- "On all these burning hearts in hell" - this does not apparently relate to a metaphysical hell (in which case why "all these"?) - the idea appears to relate to human suffering in this world.
    - The last verse appears to incorporate themes of "loving-kindness" on the one hand (the first two lines) and "enlightenment" on the other. The Buddhist links are obvious.

    So: the song is not entirely Judeo-Christian but is not strictly Buddhist. Given that Cohen, famously, believes the two religious positions (in the sense in which he believes in them) to be compatible, this is not surprising. But what is the song about then? Simple submission?

    Partly, but not entirely - to my mind it is about the way he believes they interact. God's will is paramount in determining the range of possible actions, but "if there is a choice" then we wish God to "let [his] mercy spill", to relieve human suffering. This being said, if it isn't to be then it isn't to be. The references to submission equate to acceptance of reality rather than subservience: the options are to relieve suffering if we can, and to accept it if we cannot. Either way, in accordance with the Judeo-Christian tradition, we are adapting to a result that God has willed.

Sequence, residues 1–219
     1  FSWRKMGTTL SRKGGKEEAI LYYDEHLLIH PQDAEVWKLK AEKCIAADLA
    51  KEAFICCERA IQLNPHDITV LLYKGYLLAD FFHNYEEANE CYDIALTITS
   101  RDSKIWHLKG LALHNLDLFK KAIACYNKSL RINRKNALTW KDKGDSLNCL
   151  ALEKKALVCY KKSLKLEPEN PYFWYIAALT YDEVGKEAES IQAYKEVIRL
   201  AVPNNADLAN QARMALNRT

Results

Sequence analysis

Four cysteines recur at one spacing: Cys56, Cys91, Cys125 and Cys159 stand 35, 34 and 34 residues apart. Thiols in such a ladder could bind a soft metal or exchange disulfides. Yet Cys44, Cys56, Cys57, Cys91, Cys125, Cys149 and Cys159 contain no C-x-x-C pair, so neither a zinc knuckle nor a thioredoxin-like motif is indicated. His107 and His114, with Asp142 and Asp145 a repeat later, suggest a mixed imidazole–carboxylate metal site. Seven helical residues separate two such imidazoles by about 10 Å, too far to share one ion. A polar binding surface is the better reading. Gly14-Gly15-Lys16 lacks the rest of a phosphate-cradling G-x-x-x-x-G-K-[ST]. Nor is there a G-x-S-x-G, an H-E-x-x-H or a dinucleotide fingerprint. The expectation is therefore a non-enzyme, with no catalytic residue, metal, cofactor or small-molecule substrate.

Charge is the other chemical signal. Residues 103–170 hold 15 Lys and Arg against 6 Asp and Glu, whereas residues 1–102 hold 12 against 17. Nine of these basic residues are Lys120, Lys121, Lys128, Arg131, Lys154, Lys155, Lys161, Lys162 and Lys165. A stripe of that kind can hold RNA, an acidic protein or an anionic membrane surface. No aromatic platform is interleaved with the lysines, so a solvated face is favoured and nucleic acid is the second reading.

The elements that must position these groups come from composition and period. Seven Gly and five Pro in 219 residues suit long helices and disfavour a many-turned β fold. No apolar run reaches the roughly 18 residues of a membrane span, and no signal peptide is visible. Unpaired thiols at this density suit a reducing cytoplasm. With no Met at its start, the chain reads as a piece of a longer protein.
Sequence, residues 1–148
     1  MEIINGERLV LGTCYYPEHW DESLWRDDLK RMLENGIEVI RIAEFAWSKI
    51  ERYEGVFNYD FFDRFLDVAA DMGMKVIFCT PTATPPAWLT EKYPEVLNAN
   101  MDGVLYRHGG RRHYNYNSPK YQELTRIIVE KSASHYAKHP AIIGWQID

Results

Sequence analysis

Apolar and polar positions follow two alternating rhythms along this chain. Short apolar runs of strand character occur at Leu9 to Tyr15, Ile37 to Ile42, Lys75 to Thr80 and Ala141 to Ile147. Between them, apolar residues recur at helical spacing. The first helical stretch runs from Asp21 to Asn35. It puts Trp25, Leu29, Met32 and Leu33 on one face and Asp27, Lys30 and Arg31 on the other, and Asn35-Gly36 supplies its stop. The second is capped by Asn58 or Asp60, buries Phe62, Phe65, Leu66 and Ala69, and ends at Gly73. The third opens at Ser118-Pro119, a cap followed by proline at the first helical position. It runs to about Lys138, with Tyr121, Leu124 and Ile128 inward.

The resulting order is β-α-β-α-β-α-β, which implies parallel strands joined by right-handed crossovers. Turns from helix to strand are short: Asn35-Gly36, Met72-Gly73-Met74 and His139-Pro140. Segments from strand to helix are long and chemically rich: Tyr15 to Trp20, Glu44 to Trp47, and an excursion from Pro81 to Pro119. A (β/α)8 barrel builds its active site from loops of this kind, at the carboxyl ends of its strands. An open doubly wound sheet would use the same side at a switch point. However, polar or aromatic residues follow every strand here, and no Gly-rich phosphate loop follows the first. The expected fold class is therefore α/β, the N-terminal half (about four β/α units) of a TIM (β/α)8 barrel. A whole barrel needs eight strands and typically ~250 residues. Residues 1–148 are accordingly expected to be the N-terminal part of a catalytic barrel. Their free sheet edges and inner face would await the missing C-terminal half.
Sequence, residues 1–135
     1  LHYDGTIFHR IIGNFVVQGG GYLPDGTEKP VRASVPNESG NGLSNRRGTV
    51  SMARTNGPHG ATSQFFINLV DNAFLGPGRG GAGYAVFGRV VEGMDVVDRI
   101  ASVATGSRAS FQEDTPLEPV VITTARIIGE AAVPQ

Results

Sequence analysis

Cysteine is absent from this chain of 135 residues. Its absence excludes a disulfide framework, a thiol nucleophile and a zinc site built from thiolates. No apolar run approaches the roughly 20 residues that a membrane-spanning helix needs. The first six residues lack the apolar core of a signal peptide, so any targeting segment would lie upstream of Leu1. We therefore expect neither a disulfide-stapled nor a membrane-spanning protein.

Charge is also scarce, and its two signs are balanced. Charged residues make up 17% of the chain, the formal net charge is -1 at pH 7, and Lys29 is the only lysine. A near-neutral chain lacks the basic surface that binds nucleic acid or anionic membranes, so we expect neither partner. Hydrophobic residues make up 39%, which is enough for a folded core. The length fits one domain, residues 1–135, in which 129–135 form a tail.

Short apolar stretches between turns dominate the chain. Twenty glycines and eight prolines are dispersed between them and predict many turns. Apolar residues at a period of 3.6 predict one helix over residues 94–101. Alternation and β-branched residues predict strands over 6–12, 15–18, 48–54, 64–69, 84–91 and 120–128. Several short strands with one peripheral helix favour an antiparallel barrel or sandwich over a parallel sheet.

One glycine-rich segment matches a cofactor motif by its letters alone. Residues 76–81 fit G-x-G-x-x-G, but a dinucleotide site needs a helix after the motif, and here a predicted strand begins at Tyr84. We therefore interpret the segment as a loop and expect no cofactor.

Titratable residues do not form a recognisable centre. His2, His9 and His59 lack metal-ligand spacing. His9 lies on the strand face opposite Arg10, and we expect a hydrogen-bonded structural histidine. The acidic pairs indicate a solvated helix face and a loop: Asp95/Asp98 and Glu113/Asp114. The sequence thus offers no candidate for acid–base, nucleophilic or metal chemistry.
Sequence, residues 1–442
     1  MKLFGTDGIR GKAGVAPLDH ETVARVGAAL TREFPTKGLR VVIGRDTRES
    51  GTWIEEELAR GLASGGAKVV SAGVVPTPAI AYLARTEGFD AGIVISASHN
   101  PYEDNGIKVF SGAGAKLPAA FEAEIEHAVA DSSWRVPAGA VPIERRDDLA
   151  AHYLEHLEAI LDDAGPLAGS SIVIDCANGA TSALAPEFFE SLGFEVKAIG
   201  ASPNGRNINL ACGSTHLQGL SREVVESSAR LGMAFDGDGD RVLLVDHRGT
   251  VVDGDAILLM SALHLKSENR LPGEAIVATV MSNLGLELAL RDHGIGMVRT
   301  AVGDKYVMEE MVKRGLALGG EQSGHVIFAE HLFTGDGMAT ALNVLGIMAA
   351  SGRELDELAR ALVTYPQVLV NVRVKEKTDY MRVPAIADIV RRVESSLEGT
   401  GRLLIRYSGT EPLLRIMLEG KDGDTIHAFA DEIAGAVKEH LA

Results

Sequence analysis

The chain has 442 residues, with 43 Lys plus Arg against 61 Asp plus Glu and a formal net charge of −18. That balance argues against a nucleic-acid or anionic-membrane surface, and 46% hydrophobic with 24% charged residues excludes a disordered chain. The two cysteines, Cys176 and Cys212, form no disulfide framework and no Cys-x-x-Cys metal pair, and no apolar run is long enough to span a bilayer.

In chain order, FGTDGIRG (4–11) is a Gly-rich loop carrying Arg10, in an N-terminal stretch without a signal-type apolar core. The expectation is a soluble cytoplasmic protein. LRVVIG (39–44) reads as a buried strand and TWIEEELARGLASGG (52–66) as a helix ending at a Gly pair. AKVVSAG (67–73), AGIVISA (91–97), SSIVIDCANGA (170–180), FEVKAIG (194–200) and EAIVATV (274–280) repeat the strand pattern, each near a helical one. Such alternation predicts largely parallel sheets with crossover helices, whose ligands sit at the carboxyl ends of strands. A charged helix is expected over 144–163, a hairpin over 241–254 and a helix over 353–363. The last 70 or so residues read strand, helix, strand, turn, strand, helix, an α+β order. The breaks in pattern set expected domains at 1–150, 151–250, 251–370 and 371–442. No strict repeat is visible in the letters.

I should add that I'm an atheist and I don't believe in any of this crap, but I think that's what the song is about.
    Someguy1400on February 23, 2010   Link
  • 0
    General Comment:Leonard Cohen is my favorite lyricist.
    Antony Hegarty is my favorite vocalist.
    Antony singing Cohen was... sublime.

    This song has beautiful lyrics, although I don't completely understand them (but I don't think Cohen, as a poet, really wants his lyrics to be completely understood). To me, the song is about the speaker completely submitting himself (or herself) to someone the speaker admires enough to believe that he or she can heal emotionally wounded people simply by loving them; this someone could be a lover, teacher (master), or deity.

    Antony's rendition of this song was, as I said above, absolutely sublime. His voice adds emotion and depth that Cohen's voice can't approach, and it fits the song perfectly. I regret that it is difficult to find a recording of his performance that doesn't have an instrumental chunk cut out of it for an interview with Cohen that breaks up the magical flow of the song.
    HiOnMusicon May 17, 2010   Link